The founder

Doddie Weir OBE is one of rugby’s most recognisable personalities. He earned 61 caps for Scotland during a successful playing career, represented the British and Irish Lions on their successful tour to South Africa in 1997, and won championships with his two club sides, Melrose and Newcastle Falcons.

A talented, committed and athletic lock forward, Doddie is now facing his biggest challenge. In June 2017 the Scot revealed he was suffering from Motor Neuron Disease. From the outset, Doddie has been driven to help fellow sufferers and seek ways to further research into this, as yet, incurable disease.

My attitude is that you should do what you can today and worry about tomorrow when it comes. This is the card I’ve been dealt so I’ve just got to crack on.

Doddie wants to help those touched by MND – be it fellow sufferers or their families having to deal with the daily consequences – with basic and practical relief, whether that be to help with mobility and transport needs, with care and respite, or access and basic living requirements.


Scott Hastings

Scott is Scotland’s most capped rugby centre three quarter with 65 caps. He played in 51 Internationals with his brother Gavin and they are the only brothers to have played on two British Lions Tours to Australia in 1989 and to New Zealand in 1993. In 2015 he commentated at his 5th Rugby World Cup with ITV having played in the first three RWC tournaments in 1987, 1991 & 1995. Scott continues to commentate for BBC Alba, Sky Sports and with ITV during the Six Nations.. He is married to Jenny. They have two children, Corey and Kerry-Anne. When his is not commentating on rugby he likes running, golf and bog snorkeling!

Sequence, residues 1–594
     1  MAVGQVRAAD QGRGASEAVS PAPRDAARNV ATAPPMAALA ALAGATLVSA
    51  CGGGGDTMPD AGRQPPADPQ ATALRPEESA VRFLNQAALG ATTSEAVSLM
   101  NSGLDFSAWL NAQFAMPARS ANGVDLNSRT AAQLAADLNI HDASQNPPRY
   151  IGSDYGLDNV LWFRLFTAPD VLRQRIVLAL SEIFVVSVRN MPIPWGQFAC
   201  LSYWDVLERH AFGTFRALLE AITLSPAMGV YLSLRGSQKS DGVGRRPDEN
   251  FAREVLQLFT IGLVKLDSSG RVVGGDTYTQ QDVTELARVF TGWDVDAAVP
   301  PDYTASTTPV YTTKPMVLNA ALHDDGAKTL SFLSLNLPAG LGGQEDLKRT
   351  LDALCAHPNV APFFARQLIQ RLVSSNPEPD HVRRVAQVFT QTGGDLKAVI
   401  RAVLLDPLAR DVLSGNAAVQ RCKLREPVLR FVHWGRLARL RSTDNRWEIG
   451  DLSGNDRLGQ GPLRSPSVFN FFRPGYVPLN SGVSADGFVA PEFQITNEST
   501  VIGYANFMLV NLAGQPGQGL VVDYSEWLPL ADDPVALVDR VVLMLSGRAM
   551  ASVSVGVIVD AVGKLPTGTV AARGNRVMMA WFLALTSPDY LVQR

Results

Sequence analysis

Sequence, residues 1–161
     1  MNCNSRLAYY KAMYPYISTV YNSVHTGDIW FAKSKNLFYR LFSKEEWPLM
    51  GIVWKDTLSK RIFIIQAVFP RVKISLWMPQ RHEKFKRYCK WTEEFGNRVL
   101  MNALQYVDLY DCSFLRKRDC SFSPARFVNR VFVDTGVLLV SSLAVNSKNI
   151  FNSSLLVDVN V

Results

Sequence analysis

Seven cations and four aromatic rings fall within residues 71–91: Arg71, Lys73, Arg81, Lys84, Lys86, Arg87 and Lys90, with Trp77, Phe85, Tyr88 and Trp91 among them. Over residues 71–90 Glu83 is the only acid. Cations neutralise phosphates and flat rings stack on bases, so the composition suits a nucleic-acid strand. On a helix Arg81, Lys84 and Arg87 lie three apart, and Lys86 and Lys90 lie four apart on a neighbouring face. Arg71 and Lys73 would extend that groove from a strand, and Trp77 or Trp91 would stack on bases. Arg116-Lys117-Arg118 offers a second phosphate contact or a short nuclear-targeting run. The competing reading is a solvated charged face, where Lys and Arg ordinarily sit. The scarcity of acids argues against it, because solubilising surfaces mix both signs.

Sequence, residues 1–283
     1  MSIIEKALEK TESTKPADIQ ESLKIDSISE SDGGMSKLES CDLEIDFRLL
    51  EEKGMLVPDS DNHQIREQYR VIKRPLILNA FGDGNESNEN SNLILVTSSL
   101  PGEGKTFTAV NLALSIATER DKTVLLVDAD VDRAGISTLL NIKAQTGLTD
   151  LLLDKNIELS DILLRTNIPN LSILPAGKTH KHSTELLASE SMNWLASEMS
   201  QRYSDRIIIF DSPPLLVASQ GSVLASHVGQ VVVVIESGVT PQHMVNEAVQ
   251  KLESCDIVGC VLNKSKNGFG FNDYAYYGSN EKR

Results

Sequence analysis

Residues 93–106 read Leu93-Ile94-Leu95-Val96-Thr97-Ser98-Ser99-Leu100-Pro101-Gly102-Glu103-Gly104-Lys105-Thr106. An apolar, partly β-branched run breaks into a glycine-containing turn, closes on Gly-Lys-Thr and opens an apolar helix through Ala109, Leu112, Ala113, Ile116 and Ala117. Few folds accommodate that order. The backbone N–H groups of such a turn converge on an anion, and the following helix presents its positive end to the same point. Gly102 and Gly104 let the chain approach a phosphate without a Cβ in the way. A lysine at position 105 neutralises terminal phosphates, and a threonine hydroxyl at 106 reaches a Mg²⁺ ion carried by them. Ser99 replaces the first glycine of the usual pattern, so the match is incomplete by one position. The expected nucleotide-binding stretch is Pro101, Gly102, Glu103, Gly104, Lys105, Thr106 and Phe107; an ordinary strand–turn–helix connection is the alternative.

John Jeffrey

John Jeffrey played 40 times for Scotland as an industrious and robust flanker in an international career that spanned eight seasons from 1984 until 1991. In that time, the Kelso farmer scored 11 tries for his country and was part of the Grand Slam-winning team of 1990 as well as the 1989 British and Irish Lions squad. Since retiring from playing the game, Jeffrey has remained involved in the game, first as a coach and radio commentator and then in administration where he has held committee positions at club, country and latterly at World Rugby level. He is currently chairman of the Rugby Committee as well as chairman of the Laws Review Group and is also a representative of the Scottish Rugby Union on World Rugby Council. John continues to run the family farm near Kelso where he lives with his wife and two daughters and regularly makes it down to Poynder Park to support his old club.

Kathy Weir

Kathy and Doddie were married in 1997 after he popped the question when they stopped at the Carter Bar, the Borders crossing, after a night out. They have three sons, Hamish, Angus and Ben, and live in the Borders on their farm between Lauder and Melrose. Kathy manages to balance looking after the livestock, her horses, the boys, working with an outside catering company while trying to keep Doddie on the straight and narrow! Kathy hails from Bellingham near Hexham where her family has built a successful drainage company…and while Doddie may say it was the lure of professional rugby that led to his move into North Northumberland, we know better!